“So, everything that the kids do comes from them. I guide them as the teacher,” she explained. “I think of myself as a curator of what the kids need, like if I see a child is drawn toward collage and they need certain materials or a special tool. They bring the ideas; they bring the motivation. I see myself as an expert who is there to help them and facilitate what they need.
“The kids really like it,” she said. “There are not a lot of parts of their days when they can authentically be themselves and follow their own interests. They are so intrinsically invested in it because it’s theirs. They created it.”
There is a curricular framework, she said, “but it is influenced by the children. I share art and do teacher demonstrations, but I try to keep my time short so I can respond to their emergent needs. I want them to tell me, ‘I want to do this. How can you help me push it to the next level?’”
Ferrari acknowledged that although “there are plenty of kids who can take that community aspect and really focus in, there are some children who struggle with it, and it’s my job to find ways to support them.”
So, she crafted some special tools — a “choice board” and an “idea generator.” Or kids can just stop and think – “it’s okay to let them think a little bit. They don’t have to come up with an answer right away. We do talk about themselves in art and where do artists get ideas. It’s all part of the curriculum.”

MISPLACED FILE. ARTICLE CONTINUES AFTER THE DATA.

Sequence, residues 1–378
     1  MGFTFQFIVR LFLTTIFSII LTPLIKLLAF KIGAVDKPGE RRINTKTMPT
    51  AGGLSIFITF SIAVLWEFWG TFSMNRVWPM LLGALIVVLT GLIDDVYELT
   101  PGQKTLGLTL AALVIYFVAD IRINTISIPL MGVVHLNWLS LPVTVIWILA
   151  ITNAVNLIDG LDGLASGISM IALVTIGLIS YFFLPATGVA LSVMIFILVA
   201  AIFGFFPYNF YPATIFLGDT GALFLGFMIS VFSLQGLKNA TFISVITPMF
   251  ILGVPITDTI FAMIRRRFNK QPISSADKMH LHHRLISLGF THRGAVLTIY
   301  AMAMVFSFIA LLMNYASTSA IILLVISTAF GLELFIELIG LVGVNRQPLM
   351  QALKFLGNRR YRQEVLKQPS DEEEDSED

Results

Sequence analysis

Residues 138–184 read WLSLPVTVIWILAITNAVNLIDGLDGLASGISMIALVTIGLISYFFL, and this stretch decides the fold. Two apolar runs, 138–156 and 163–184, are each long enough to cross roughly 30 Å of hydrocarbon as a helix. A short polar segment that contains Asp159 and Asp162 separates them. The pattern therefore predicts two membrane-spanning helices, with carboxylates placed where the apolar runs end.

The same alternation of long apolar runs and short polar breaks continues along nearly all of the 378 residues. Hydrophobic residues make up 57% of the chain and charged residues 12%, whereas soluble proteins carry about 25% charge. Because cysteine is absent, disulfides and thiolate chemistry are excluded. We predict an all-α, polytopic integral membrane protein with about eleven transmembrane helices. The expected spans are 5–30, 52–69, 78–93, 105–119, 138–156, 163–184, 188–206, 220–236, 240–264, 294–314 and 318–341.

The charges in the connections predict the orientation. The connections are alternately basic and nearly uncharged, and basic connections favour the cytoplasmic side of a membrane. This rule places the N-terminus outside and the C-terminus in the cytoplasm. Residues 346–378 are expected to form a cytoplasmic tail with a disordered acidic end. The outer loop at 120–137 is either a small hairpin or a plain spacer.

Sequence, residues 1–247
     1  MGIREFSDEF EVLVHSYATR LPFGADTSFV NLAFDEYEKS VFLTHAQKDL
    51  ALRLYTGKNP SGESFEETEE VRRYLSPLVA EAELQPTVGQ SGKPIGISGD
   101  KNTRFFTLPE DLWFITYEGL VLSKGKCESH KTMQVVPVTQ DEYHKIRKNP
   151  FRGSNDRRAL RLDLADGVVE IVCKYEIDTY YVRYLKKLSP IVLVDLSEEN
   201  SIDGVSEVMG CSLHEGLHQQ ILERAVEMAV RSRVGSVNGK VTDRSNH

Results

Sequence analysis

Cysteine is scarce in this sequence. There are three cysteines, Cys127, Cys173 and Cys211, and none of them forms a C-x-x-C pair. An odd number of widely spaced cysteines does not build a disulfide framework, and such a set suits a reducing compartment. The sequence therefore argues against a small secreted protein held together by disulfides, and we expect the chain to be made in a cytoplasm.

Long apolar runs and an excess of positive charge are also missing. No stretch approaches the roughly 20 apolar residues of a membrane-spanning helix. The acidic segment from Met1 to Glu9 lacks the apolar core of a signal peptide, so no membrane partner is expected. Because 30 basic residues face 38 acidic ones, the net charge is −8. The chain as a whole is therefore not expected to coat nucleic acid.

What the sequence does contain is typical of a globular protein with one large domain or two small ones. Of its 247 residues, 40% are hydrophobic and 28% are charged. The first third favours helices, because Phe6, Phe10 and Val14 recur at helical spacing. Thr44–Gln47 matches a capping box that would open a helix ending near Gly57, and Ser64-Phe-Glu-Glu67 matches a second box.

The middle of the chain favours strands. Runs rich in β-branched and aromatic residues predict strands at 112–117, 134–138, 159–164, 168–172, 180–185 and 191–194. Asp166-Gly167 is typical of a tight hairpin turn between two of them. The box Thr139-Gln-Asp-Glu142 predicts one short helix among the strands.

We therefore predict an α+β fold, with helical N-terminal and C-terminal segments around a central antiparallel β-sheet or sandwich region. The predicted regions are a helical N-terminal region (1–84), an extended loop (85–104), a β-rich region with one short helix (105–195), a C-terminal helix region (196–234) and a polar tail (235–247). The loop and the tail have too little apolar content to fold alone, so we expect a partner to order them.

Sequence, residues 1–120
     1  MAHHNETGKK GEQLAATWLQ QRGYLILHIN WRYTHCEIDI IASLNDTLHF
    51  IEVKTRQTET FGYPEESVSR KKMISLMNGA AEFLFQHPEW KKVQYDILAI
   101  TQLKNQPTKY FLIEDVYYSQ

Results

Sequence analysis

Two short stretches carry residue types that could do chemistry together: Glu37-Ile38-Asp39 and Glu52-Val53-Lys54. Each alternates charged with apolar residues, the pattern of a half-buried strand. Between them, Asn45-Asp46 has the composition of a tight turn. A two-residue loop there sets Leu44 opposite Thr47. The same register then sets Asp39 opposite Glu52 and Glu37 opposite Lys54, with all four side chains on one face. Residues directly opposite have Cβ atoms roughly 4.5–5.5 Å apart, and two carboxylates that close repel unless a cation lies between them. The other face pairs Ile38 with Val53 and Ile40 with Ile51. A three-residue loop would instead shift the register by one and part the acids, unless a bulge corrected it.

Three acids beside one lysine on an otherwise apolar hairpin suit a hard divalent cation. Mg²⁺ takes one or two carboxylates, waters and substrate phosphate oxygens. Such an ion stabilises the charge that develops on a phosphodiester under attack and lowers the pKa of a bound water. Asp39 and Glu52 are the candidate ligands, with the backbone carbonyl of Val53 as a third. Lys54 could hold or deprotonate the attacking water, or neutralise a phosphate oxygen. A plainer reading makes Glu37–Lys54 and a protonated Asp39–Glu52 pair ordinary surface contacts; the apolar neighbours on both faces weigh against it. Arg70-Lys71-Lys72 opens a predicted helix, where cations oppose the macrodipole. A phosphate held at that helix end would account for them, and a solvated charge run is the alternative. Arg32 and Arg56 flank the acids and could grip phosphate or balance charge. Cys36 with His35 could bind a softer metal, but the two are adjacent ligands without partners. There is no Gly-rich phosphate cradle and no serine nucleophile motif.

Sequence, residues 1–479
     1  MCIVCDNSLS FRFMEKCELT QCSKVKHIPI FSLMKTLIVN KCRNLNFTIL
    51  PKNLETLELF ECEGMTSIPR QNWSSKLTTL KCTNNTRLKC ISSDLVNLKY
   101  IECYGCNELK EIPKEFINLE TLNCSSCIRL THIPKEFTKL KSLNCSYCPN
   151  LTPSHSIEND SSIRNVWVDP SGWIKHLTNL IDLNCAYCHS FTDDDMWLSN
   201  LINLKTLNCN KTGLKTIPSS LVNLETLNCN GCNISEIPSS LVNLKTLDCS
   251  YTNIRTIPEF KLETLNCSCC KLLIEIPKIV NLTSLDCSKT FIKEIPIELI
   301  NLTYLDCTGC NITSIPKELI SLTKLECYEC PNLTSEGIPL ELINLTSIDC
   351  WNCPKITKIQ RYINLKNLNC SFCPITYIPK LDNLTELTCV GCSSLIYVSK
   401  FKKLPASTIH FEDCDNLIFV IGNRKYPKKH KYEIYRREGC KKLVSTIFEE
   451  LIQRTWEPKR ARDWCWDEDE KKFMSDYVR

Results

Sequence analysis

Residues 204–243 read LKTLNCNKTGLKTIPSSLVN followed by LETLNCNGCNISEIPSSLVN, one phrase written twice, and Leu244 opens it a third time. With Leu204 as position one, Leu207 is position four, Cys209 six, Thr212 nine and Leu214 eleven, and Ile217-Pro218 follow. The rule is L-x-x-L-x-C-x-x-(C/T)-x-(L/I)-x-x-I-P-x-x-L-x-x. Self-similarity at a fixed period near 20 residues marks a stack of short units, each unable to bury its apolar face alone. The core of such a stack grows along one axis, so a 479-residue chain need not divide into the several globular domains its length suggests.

One time Ferrari spotted some students doodling, and that opened the door to sharing videos on mr.doodle.com. “They watched him doodle his whole mansion. It’s a valid form of art making. That’s part of what I need to do as their teacher – show them the possibilities of what’s out there.”
That’s also an example of how she employs technology, “if it’s useful.” She is also compiling digital student portfolios.
TAB has its own organization, Teaching for Artistic Behavior, Inc., and Ferrari serves on its board of directors, co-hosts a podcast, and is a regional leader. She provides TAB professional development opportunities for educators.
“The community has made me feel very welcome and supported,” Ferrari testified. “The parents, caregivers, teachers, administrators, School Committee, local and school-based organizations — Bedford Cultural Council, BEST PTO, Bedford Free Public Library — have all been incredibly supportive of and responsive to both me and the program. I’d love to thank them all for their support.”
Sean Hagan, art program director for the four schools, “has been great, very supportive. Everyone in my department is wonderful to work with. It’s a great community.”
“I feel very lucky because I have colleagues across the country and a lot of them don’t feel supported, or who have to work within specific expectations. Here I feel I am trusted to do what’s best.”
The Lane School visual arts website address is: https://sites.google.com/bedfordps.org/laneschoolvisualarts
Ferrari’s Instagram link is www.instagram.com/theroomwithahue
Her Facebook link is www.facebook.com/laneschoolvisualarts